Experts are claiming High Street mannequins are too thin and medically unhealthy.
In a new study by Liverpool University in the UK; which was also published in the Journal of Eating Disorders, researchers working on a survey of national fashion retailers found female mannequins on high street were severely underweight in size and promoting bad health.
Dr Eric Robinson, who led the study said: “We became interested in this topic after seeing some news reports about members of the public noticing many mannequins in fashion stores were disturbingly thin.”
Dr Robinson and the team from the university’s institute of psychology, health and society examined a total of 32 mannequins for the study, located in two different UK city high streets. And out of the 32 mannequins assessed for the study, all of them were found to have an unrealistic body weight, which didn’t match that of the female population in the UK.
However, this isn’t the first-time shop mannequins have been under the spotlight for being too thin.
In 1992, researchers surveyed a handful of mannequins from the 1930s to the 1960s and concluded real woman of a similar body size to that of the mannequins used to display woman’s fashion would have been so thin they wouldn’t have been able to even menstruate.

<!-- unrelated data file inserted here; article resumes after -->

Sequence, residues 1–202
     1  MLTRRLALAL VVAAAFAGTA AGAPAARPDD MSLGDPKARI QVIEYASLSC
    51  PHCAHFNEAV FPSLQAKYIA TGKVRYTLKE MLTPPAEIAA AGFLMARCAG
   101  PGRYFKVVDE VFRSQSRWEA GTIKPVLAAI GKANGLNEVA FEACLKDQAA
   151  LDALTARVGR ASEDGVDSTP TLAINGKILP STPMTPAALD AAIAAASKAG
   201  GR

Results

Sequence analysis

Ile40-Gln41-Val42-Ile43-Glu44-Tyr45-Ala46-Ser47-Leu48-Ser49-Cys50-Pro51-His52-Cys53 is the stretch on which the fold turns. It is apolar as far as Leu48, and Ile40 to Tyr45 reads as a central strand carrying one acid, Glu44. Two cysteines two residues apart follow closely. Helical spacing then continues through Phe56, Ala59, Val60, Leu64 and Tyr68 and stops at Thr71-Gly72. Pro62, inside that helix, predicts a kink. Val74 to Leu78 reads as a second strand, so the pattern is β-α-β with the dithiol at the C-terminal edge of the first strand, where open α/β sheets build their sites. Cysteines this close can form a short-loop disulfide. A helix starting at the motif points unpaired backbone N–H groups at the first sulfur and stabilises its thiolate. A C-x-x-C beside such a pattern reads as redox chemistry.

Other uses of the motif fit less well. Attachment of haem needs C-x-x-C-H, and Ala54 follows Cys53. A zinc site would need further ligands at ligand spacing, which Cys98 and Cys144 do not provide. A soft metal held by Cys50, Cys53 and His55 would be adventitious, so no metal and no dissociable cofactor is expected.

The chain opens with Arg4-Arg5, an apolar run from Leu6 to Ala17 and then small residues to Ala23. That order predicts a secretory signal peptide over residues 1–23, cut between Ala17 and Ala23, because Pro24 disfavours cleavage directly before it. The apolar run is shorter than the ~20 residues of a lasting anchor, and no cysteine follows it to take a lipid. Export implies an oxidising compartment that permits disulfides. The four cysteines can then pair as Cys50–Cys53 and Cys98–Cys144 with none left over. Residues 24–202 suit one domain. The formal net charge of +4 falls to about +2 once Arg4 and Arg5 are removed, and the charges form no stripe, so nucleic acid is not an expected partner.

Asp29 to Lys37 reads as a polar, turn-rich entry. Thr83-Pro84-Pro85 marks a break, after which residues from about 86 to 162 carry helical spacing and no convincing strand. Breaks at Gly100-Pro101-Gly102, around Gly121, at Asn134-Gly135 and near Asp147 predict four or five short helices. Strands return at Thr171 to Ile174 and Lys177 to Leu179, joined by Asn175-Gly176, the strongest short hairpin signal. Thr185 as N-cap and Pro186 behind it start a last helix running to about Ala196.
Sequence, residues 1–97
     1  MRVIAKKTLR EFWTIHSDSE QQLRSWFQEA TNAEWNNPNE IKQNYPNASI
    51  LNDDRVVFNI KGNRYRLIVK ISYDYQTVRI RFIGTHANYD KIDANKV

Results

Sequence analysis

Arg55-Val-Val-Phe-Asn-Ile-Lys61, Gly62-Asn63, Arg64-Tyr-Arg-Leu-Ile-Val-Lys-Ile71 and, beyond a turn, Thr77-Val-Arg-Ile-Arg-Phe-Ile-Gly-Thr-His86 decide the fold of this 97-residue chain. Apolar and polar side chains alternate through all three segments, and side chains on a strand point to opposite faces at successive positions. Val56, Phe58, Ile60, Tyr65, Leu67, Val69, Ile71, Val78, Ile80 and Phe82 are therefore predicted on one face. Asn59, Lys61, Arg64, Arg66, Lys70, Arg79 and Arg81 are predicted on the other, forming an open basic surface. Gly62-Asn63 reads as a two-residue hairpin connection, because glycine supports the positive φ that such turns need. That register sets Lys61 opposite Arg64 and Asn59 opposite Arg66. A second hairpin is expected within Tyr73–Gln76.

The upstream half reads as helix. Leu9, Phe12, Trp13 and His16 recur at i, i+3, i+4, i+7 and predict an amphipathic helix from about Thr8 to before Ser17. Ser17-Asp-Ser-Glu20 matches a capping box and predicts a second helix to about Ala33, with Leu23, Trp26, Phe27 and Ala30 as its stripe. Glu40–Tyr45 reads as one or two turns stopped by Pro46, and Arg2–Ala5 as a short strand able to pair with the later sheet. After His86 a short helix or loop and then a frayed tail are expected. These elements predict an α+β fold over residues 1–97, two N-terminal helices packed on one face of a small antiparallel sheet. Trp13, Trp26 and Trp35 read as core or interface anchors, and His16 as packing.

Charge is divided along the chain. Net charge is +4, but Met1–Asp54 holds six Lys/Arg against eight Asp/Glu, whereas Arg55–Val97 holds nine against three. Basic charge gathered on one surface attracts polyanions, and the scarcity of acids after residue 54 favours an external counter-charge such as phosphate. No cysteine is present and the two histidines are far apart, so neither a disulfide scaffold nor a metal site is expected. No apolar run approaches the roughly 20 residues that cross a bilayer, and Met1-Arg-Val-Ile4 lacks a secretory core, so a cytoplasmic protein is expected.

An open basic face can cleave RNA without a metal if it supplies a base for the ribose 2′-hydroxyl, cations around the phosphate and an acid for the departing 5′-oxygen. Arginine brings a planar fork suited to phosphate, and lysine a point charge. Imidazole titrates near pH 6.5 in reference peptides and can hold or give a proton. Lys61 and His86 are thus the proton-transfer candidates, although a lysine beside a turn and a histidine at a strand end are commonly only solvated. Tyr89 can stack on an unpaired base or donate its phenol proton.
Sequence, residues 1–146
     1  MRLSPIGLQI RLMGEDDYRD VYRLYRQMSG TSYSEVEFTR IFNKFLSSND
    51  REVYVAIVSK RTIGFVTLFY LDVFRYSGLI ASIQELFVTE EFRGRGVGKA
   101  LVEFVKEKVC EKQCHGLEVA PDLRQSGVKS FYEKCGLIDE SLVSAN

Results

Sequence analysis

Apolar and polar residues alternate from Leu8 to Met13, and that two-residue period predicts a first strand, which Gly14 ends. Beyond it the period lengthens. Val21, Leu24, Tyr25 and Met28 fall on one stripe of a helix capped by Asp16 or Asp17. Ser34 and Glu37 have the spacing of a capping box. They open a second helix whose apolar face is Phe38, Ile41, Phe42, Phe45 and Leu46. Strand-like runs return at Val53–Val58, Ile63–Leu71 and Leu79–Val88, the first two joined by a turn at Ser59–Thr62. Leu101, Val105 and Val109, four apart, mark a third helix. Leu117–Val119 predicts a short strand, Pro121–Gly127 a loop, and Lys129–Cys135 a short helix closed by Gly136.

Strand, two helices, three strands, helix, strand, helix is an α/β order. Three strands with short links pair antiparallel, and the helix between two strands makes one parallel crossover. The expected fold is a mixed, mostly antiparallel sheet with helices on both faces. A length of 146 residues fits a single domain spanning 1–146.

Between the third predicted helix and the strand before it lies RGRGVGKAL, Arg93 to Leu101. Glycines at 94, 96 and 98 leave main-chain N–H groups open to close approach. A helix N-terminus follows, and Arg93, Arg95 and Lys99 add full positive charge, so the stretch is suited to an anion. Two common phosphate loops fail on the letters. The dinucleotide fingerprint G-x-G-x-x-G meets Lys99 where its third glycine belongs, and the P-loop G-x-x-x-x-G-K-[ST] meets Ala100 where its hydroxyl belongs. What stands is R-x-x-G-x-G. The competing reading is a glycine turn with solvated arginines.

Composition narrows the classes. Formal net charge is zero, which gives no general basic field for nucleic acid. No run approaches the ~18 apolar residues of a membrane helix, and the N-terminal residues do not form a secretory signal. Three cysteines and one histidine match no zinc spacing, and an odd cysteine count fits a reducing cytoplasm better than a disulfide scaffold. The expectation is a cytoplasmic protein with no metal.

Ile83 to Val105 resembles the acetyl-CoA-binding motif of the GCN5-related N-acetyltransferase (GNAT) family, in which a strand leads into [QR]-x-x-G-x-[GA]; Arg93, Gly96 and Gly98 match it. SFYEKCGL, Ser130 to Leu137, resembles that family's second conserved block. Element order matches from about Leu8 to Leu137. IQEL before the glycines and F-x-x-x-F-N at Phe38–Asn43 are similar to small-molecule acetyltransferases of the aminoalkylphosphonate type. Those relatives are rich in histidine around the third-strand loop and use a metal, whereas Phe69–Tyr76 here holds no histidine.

Even earlier this year, Topshop was also criticised by many parents for displaying mannequins far too thin, claiming they looked like victims of famine. And this was after Topshop stated back in 2015, they would no longer be using mannequins which were too thin.
Chief Executive of the National Council of YMCA, Denise Hatton said: “It’s shocking to see the return of the ultra-thin mannequins at Topshop, especially only two years after the retailer said they would stop using them. Once again young women and girls are presented with an ideal body type that’s unrealistic and unhealthy for the majority of people to achieve.”
And although not everyone will develop an eating disorder from having ultra-thin mannequins on display, wearing the latest fashion trends, the academic community are pretty convinced the promotion of ultra-thin mannequins can contribute to many eating problems which exist in society today.